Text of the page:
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All TCU. All the time.

TCU 360

Delaney Vega, a TCU journalism junior, is painting a school in Belize. (Courtesy of Teja Sieber)
“The week of joy”: Christ Chapel College’s annual trip to Belize
By Ella Schamberger, Staff Writer
Published Apr 23, 2024
174 students, a record number, went on this year's trip.

Review: ‘Joker’ brings light to mental health issues

Jordan Strauss/Invision/AP
Joaquin Phoenix arrives at the Los Angeles premiere of “Joker” at TCL Chinese Theatre on September 8, 2019. (Photo by Jordan Strauss/Invision/AP)

As the credits for “Joker” roll across the screen, viewers might need to take some time to process the film’s stunning and complex storyline.

Fresh off his success of “A Star is Born,” Todd Phillips brings audiences into the dystopian society of Gotham City, introducing the backstory of Batman’s arch-rival.

The film’s protagonist, Arthur Fleck, played by Joaquin Phoenix, is a failed comedian with a mental illness that causes him to laugh uncontrollably and usually gets him into bad situations. Bullied and ignored in society, Fleck begins a slow spiral into madness, as he transforms into the infamous criminal known as the Joker.

The film gives viewers a raw insight into the mind of those who struggle with mental illness to the point of crippling their ability to communicate normally in society.

Trailer courtesy of Warner Bros. Pictures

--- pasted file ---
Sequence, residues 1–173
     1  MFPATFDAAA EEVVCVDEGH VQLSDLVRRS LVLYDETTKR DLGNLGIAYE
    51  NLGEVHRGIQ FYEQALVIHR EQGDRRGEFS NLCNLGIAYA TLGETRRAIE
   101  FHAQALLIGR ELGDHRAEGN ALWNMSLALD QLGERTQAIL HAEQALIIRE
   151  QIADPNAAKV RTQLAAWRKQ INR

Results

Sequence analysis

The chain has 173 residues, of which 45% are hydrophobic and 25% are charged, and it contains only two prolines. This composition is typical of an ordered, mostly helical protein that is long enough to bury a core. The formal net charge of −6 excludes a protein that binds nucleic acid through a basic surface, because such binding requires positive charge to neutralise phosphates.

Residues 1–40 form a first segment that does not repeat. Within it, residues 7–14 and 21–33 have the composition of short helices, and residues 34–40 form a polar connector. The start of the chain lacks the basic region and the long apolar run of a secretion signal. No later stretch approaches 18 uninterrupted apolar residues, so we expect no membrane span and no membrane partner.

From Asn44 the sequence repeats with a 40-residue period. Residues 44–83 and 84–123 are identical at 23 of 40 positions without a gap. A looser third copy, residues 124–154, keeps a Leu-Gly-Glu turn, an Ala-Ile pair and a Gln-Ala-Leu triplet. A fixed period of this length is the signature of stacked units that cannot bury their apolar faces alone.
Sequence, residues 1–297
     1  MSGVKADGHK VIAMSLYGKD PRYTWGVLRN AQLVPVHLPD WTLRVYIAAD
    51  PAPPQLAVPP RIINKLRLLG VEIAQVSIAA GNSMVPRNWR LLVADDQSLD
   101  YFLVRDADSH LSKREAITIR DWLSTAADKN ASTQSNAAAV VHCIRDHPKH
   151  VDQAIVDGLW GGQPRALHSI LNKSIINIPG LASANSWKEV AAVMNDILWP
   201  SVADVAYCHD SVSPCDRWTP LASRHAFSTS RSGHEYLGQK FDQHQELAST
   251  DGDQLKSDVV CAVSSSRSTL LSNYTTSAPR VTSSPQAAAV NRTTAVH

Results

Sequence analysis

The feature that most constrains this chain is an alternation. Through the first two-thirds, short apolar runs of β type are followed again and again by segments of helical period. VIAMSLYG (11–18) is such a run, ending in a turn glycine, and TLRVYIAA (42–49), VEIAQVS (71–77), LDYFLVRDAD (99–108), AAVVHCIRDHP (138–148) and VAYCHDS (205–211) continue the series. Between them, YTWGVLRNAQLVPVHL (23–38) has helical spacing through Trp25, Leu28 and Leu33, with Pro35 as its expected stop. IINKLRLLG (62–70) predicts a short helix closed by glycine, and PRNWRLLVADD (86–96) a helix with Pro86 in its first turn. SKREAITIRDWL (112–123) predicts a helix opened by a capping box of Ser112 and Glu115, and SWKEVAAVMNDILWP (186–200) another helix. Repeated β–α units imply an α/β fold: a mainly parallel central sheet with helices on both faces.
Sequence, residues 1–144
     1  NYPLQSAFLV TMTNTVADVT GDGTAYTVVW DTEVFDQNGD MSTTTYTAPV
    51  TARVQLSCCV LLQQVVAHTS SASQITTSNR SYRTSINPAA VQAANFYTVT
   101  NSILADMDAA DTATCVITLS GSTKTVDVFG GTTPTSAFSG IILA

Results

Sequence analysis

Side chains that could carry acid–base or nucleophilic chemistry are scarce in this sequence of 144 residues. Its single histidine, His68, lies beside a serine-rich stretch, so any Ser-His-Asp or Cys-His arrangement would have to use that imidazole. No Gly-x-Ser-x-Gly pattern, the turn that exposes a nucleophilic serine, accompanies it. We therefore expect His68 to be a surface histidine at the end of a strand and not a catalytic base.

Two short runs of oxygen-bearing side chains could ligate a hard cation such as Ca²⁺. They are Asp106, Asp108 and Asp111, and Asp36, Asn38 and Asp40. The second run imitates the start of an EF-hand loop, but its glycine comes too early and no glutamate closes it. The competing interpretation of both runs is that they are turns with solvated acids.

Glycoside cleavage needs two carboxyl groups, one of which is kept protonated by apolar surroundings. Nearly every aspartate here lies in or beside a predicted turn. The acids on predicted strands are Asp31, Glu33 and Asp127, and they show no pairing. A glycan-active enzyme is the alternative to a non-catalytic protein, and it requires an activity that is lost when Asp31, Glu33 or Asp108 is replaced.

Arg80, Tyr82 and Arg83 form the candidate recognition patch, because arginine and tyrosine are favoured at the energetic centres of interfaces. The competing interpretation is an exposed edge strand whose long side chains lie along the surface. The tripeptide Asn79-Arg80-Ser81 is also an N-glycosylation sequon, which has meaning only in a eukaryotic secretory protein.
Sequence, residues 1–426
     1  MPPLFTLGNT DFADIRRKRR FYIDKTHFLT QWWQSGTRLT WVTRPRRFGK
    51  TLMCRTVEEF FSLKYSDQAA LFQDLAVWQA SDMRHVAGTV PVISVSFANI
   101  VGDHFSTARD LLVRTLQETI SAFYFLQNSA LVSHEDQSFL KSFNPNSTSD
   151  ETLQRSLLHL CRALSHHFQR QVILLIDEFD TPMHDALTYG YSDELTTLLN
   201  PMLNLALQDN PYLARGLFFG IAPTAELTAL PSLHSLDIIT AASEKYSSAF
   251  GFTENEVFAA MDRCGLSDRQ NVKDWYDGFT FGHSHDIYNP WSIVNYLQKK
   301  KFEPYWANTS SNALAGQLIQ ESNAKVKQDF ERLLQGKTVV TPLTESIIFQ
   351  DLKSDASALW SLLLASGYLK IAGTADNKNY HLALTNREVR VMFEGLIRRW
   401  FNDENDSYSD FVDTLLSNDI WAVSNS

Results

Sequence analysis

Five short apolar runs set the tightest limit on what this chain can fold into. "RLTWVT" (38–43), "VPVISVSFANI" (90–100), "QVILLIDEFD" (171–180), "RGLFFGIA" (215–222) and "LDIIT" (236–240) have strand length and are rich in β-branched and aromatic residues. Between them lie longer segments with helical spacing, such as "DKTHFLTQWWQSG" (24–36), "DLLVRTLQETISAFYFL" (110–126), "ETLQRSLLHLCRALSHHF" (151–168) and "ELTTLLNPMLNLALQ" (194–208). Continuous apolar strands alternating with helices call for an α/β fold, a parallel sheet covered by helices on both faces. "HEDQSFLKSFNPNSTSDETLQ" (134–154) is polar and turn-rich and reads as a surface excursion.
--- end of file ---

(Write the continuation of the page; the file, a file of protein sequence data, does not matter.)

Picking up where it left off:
The movie’s unpredictability will keep you on the edge of your seat for the film’s full two hours, making Phoenix’s rendition of the infamous villain Oscar-worthy.

While “Joker” is predictable in the sense that bad things will happen, viewers are constantly shocked by the actions Fleck takes to prove his isolation in the world. Perhaps Phillips goes a little too far with this point by leaving no room for audience members to breathe, feeling anxious about what else could possibly go wrong.

Presenting difficult topics with a deeper meaning is nothing new for Phillips, who is known for exposing his audiences to these types of subjects; in “A Star is Born,” he introduced characters who struggle with alcohol and drug abuse.

While the concepts developed in “Joker” were more focused on mental illness, audiences can still be triggered and forced to think about society’s impact on those who are different from them.

The plot of “Joker” is disturbingly captivating, due to Fleck’s inability to control his laughter that gives people the wrong impression of him.

If that doesn’t hook you, be sure to always pay attention to the obsessive relationships created in Fleck’s mind, which will keep you wondering which interactions are real or not.

In addition to letting Phoenix shine, one additional character that stood out was Penny Fleck, played by Frances Conroy. As Arthur’s mom, Penny was Arthur’s only ally throughout the movie, although she herself was mentally ill and incapable of caring for herself.

Phoenix was the obvious star of the film, with his portrayal of an unhinged, detached, criminal-in-the-making character. The acting is so believable that audiences will be easily amazed by Phoenix’s effortless performance.

Keep in mind this movie is not about superheroes, but it remains focused on the villain himself and what led him to become so twisted.

Verdict: 8/10

“Joker” is a journey through the graphic demise and self-destruction of Arthur Fleck, acting as a true thriller and comedy, leaving you devastated. My suggestion: listen to the warnings presented on social media and in the theaters about graphic imagery, because I was not prepared for the amount of bloodshed. However, I believe this movie is an important narrative for society to see how bullying can lead people down a path of destruction, hopefully inspiring others to be kind in the end.

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